Friday, April 12, 2013

UN Whistleblower Wasserstrom to Speak in NY; Letter to be Sent Requesting US Government Withhold Funds

click here for this in full at:

(Washington, DC) – Pioneer UN whistleblower James Wasserstrom will speak at a press conference next Monday, April 8, about a recent decision in his landmark whistleblowing case. Wasserstrom will travel from his post in Afghanistan to New York for the event. That morning he will also announce, and make available to the press, a letter addressed to Secretary of State John Kerry requesting the US government to withhold 15% of its funding to the United Nations in accordance with federal law requiring such if the organization fails to protect whistleblowers from retaliation.

The press conference will be held at 10:00 am in the Landmark Room of the ONE UN Hotel, 1 UN Plaza, 44th Street between 1st Avenue and 2nd Avenue, in Manhattan.

Shelley Walden, international program officer for the Government Accountability Project (GAP), a nonprofit whistleblower protection organization representing Wasserstrom on advocacy issues, will join the whistleblower to discuss the broader implications of the recent judgment for UN whistleblowers. Stated Walden, "The Wasserstrom relief decision is just the latest evidence that the United Nations is not serious about protecting whistleblowers or holding itself accountable. Instead, the organization is sending a loud and clear message to its staff: Keep quiet."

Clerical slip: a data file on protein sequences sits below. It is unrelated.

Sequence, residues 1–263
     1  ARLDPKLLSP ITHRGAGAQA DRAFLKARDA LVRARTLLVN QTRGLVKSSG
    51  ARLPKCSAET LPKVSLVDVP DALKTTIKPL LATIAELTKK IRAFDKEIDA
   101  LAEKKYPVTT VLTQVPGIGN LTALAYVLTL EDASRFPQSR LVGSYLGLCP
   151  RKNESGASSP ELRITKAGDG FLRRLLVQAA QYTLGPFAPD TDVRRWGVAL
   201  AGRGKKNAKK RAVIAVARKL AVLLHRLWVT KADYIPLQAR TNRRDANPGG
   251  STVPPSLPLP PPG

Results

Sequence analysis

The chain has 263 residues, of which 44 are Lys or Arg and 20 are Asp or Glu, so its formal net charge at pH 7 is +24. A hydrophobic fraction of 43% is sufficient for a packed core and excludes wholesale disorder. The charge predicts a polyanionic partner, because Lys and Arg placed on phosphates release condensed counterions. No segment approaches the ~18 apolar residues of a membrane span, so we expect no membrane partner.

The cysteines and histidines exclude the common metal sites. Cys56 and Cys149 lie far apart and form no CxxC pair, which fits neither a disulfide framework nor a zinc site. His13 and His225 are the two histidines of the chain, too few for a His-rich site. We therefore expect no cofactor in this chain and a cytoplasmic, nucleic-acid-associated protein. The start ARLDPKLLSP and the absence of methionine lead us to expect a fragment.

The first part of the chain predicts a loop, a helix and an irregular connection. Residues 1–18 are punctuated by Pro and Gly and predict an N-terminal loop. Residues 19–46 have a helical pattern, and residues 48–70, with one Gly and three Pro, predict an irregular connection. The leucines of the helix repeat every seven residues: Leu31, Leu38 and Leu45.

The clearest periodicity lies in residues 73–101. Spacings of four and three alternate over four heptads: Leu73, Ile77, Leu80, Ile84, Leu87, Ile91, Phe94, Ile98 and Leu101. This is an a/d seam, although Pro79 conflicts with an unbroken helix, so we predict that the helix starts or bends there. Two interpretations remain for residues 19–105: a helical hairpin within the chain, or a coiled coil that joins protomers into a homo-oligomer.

Wasserstrom's letter, which will be distributed to journalists who attend the event, will describe the UN's failure to meet the whistleblower protection criteria established in the 2012 US Consolidated Appropriations Act (H.R. 2055). The law requires a 15% withholding of the US contribution to any UN agency if it "is not taking steps to ... implement best practices for the protection of whistleblowers from retaliation, including best practices for legal burdens of proof, access to independent adjudicative bodies, [and] results that eliminate the effects of retaliation..." Wasserstrom's letter suggests potential steps that the United Nations could take to address these shortcomings, and will request that the US government advocate for the release of a UN report on internal corruption in the UN Mission in Kosovo (UNMIK). To date, the United Nations has failed to publicly release this investigative report, which is based in part on Wasserstrom's disclosures.